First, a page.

Soon after the city of Las Vegas made a substantial investment in early learning with its Strong Start Academies Pre-K programs, child advocates became aware of a different kind of desert in this Mojave metropolis: Childcare deserts where low-income families have no access to the kind of quality early childhood education that readies children for kindergarten.
“Las Vegas believes in the power and impact of high-quality early education,” says Dr. Tammy Malich, director of youth development and social innovation for the City of Las Vegas. In 2017, the city launched the Strong Start Las Vegas campaign to build awareness of the importance of early childhood education and to drive home the reality of how vital the first five years of life are to a child’s future success. Out of that grew the Strong Start Early Learning Academies in partnership with Acelero Learning, an established, well-respected Head Start program. Strong Start now comprises three brick and mortar facilities with a fourth coming online in August 2021 that focus on kindergarten readiness for children aged 3 and 4.
Despite that investment, gaps remain. In the city of Las Vegas, 17.7 percent of children aged 0 to 5 live in poverty, with a large proportion located in the urban core where many families face daunting challenges to giving their children that crucial good beginning. The city has committed to helping these families overcome those roadblocks, Malich says.
The bus parks in a parking lot adjacent to a park or playground, the teacher opens the pop-out walls of the RV and school is in session.
So, in 2018, Strong Start literally took its show on the road, launching Strong Start GO Mobile Pre-K Academy which drives a big, colorful, retrofitted RV into these neighborhoods to deliver half-day pre-K classes and family engagement workshops to community residents. The bus parks in a parking lot adjacent to a park or playground, the teacher opens the pop-out walls of the RV and school is in session. After the morning session, teachers pack up the bus again and drive to a new location for the afternoon. The city launched a second classroom on wheels in October and has started to find funding for a third. Pre-Covid-19, each classroom session could accommodate 20 children, but will only teach 10 in each until pandemic restrictions are lifted.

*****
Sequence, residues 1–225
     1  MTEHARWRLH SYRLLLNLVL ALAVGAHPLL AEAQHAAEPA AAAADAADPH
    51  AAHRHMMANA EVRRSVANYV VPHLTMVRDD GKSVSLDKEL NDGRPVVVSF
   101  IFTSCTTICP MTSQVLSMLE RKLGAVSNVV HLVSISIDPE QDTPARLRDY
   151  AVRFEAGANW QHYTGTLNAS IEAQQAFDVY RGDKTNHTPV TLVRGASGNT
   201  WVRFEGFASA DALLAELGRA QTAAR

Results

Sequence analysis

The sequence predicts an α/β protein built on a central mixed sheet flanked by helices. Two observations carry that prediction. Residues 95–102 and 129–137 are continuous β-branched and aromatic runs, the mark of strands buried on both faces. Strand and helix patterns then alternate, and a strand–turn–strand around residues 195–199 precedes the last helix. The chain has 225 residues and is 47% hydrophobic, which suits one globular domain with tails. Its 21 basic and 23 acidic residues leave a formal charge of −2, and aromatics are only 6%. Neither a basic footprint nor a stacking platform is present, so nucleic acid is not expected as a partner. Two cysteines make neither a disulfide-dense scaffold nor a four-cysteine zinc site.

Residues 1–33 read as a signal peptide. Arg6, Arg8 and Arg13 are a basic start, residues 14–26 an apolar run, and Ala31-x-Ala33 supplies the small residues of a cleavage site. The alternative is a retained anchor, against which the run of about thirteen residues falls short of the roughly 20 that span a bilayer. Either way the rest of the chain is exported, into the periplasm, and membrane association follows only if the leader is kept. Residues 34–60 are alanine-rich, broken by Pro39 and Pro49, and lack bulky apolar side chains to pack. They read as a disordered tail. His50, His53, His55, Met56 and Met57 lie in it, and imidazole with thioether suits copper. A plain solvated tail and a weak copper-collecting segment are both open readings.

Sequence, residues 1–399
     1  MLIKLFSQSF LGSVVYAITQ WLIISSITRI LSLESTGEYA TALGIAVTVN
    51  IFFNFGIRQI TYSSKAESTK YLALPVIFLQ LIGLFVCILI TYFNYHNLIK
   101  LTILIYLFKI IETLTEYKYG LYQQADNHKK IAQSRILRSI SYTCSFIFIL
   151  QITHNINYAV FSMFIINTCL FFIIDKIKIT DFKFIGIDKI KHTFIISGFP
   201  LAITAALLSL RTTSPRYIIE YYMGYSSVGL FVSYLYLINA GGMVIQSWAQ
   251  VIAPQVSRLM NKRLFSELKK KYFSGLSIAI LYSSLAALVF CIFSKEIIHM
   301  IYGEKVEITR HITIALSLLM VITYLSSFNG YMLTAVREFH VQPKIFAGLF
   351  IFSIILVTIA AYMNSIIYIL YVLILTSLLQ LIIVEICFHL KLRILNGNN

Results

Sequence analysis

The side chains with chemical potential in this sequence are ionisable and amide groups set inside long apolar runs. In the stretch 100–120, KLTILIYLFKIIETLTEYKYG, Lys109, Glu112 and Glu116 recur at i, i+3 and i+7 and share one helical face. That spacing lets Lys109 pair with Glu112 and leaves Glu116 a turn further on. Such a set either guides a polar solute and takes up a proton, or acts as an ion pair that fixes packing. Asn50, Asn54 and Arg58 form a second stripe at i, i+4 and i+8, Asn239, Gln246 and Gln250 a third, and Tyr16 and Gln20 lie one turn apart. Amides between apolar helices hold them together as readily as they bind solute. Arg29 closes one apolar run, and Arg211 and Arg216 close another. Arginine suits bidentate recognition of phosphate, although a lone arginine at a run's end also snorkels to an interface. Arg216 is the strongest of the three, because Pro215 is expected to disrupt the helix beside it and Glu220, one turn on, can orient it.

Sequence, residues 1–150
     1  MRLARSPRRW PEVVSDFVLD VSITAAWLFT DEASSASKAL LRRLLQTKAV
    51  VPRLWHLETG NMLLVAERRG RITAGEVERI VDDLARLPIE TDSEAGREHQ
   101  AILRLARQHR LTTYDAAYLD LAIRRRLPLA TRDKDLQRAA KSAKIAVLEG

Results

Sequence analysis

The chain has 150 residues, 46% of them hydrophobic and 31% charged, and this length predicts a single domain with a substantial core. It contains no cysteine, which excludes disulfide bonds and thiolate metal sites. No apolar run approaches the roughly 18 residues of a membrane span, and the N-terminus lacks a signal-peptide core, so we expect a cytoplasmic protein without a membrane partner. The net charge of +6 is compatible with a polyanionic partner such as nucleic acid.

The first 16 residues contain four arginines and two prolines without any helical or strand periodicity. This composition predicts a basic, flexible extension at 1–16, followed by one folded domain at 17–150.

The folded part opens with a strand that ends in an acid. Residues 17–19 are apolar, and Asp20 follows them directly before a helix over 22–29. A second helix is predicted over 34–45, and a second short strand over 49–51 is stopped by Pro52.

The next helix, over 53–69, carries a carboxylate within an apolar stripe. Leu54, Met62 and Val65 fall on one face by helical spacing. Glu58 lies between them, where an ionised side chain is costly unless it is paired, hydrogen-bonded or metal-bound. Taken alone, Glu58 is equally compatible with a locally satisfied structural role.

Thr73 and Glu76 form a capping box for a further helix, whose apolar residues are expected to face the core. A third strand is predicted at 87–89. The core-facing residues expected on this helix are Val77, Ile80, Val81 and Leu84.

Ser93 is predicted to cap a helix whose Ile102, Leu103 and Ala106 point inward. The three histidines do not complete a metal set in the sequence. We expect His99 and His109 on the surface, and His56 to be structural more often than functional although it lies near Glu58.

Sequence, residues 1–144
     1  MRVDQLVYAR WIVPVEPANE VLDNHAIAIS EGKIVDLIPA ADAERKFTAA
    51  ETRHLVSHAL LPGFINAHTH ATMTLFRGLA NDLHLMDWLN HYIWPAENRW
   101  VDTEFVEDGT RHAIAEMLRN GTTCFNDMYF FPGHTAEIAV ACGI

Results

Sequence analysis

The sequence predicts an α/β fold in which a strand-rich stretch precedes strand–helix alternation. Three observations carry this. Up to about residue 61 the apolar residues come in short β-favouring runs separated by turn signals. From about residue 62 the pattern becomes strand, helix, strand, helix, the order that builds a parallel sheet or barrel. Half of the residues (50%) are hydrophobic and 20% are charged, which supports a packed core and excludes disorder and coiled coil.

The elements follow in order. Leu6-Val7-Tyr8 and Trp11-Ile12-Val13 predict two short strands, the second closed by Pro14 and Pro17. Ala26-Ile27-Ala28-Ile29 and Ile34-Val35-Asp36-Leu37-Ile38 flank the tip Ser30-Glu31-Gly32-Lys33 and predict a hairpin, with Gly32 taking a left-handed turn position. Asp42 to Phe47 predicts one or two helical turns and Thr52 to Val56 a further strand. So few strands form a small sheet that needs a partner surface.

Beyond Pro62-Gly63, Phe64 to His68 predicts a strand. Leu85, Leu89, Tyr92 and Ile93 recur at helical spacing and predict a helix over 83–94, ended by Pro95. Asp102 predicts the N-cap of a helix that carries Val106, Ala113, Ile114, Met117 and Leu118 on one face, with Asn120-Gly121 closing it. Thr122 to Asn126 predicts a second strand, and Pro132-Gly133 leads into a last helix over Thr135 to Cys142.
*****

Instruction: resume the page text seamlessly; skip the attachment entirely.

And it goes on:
“At the unveiling of the first mobile academy, Mayor Carolyn Goodman was so pleased, she said she wanted a fleet. So far, it’s a fleet of two,” Malich says. “The Mayor’s Fund for Las Vegas LIFE—the city of Las Vegas’ vehicle for corporate and philanthropic partnership—is seeking donors for the third bus now.”
The city’s early learning programs represent a significant change in the view of care for 3- and 4-year-old children, Malich says. Until recently, childcare centers for this age group were thought to be doing their job if they were safe, caring and gave the little ones a snack and a nice place to play. But as researchers’ understanding of brain development in young children has grown, educators have increasingly come to terms with the readiness gap that means low-income children are starting school already far behind. The pre-kindergarten years have taken on a much greater significance in preparing children for a successful life.
“We saw the gaps in kindergarten and first-grade classrooms between the children who had more advantages and the 5-year-old who walked in without ever having been out of their home in any kind of a formal setting,” Malich says. “Suddenly they had to follow rules, share and deal with an unfamiliar social and emotional environment in addition to having no academic experience. We saw the negative impact and what a great disservice it is to our kids who grow up with so many obstacles and barriers.